With its announcement of a shift from off-shore-to-domestic fabrication for one of its existing Mac computer lines, Apple joins a growing trend of companies making similar moves back to U.S. shores.
The tech giant’s CEO, Tim Cook, said in interviews with NBC News and Bloomberg Businessweek on Thursday that Apple would be moving $100 million worth of iMac computer manufacturing to America
The move makes both political and financial sense, as U.S. companies continue to face criticism for taking jobs out of a shrinking American workforce and as financial returns on offshore investments have eroded.
Though the initial Apple investment of $100 million is a tiny slice of the company’s $121.3 billion yearly revenue, it’s a symbolic move in a U.S. economy where unemployment rates are a favorite talking point of politicians and where many Americans are still having trouble finding work.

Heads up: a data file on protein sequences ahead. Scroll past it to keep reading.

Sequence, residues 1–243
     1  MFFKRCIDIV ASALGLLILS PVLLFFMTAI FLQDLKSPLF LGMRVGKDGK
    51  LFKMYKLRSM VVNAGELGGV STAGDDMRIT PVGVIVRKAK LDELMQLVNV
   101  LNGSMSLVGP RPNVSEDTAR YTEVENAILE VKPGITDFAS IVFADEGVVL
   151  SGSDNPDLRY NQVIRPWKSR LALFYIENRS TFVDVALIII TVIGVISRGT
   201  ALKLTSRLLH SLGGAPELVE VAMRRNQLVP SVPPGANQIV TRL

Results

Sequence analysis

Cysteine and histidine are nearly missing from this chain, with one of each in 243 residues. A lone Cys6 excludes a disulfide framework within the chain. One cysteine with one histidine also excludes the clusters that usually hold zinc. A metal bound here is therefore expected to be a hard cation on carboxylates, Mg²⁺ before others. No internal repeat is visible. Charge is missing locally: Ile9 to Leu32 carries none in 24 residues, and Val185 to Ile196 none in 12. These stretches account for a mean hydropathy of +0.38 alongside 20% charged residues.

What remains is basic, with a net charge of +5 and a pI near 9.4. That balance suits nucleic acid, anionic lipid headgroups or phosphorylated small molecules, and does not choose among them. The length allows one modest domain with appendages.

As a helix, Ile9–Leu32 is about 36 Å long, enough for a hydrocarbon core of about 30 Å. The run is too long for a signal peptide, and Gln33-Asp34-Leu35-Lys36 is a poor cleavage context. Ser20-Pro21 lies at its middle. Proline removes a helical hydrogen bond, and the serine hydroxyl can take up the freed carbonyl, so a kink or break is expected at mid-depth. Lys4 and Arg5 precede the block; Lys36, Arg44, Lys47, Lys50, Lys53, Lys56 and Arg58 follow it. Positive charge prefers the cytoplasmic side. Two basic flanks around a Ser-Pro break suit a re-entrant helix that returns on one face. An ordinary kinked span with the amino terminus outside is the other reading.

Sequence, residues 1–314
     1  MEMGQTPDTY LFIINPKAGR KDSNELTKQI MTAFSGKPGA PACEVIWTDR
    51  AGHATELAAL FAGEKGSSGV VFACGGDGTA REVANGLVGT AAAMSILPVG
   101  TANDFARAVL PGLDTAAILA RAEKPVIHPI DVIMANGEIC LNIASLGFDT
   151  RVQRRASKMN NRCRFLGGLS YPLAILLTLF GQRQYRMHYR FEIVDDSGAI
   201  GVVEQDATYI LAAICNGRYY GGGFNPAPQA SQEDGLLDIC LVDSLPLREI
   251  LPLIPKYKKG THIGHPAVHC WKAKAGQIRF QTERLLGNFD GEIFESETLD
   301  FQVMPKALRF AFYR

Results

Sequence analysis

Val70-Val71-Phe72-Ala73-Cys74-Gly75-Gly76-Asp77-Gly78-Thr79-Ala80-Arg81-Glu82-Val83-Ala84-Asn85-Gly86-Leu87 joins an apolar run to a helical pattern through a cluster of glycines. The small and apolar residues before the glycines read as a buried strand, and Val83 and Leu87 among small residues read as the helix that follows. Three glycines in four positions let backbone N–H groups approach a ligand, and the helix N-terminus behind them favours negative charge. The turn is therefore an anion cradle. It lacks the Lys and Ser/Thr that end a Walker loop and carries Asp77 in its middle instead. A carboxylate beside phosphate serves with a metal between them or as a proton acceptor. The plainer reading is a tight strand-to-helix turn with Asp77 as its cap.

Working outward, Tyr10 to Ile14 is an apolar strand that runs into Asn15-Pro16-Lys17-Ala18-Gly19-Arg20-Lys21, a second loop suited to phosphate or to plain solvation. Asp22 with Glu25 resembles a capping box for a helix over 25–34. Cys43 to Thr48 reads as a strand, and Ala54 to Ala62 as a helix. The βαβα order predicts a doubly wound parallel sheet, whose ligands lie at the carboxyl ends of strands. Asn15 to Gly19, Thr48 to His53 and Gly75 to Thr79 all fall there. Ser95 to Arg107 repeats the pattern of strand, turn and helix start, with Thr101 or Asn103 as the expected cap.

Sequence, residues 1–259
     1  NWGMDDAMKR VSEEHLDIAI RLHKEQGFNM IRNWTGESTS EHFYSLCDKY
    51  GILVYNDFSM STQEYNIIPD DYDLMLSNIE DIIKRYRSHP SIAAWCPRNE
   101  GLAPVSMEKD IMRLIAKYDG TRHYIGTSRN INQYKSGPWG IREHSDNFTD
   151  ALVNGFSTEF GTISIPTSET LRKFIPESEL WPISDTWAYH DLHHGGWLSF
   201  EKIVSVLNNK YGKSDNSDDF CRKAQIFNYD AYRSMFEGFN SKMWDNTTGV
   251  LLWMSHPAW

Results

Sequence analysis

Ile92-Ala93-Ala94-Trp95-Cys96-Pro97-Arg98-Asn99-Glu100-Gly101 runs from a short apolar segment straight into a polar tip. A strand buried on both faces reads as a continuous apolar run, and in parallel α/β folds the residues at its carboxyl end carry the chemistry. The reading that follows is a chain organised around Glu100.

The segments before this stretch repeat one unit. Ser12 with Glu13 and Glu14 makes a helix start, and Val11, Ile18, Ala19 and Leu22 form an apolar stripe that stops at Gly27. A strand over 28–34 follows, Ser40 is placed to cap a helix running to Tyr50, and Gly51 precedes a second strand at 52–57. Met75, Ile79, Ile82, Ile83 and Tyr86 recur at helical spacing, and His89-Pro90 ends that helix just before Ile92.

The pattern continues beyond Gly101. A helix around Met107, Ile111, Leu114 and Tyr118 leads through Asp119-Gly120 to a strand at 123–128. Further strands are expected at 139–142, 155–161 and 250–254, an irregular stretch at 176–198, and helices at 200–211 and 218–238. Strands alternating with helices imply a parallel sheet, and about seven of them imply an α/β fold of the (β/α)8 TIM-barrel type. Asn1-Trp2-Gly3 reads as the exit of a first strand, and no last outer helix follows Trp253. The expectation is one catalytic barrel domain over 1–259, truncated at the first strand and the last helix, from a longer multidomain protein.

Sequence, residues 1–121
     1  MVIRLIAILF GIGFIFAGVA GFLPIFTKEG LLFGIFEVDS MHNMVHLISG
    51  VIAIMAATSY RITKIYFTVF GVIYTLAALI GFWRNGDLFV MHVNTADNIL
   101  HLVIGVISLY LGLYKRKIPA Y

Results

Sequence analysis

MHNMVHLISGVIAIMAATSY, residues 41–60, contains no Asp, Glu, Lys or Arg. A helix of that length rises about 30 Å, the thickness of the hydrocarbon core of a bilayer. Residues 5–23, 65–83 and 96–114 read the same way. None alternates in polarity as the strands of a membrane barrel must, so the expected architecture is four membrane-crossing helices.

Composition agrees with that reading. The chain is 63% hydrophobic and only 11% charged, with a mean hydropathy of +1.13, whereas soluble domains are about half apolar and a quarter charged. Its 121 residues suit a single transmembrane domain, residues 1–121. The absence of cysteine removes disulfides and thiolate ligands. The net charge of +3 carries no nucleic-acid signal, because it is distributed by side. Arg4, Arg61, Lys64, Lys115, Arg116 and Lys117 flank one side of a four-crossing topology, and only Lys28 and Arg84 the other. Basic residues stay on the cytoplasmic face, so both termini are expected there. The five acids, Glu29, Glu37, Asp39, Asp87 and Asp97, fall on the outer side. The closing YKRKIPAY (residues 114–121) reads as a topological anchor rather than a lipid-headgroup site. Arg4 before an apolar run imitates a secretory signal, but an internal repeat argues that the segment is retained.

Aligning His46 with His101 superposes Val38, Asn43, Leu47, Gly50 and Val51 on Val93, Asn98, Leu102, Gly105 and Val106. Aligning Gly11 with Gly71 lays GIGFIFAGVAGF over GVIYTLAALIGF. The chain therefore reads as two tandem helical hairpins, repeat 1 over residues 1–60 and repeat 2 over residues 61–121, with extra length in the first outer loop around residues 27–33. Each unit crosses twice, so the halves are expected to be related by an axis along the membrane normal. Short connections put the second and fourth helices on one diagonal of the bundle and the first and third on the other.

“I don’t think we have a responsibility to create a certain kind of job,” Cook said to Businessweek. “But I think we do have a responsibility to create jobs.”
And data show that any advantage of manufacturing overseas isn’t worth taking jobs out of the U.S. economy any longer.
According to a May 2011 study by The Boston Consulting Group, the average wages in China are rising by 17 percent per year. Pair that with global shipping costs, and the initial cost-cutting benefits of taking American manufacturing overseas starts to diminish. The BCG estimates the fiscal advantages of keeping jobs overseas will drop to single digit percentages soon.
“We expect net labor costs for manufacturing in China and the U.S. to converge by around 2015,” said BCG’s Harold Sirkin.
With that short timeline apparently in mind, many companies have already made the move back to U.S. soil.
Caterpillar Inc., which on Thursday surpassed Goldman Sachs Group as the 49th largest company, judging by the S&P, has already brought much of its manufacturing home to Texas. NCR moved its ATM manufacturing plants back to Georgia recently. And one manufacturer of hula-hoops and Frisbees brought uprooted from Mexico and China back to the U.S.
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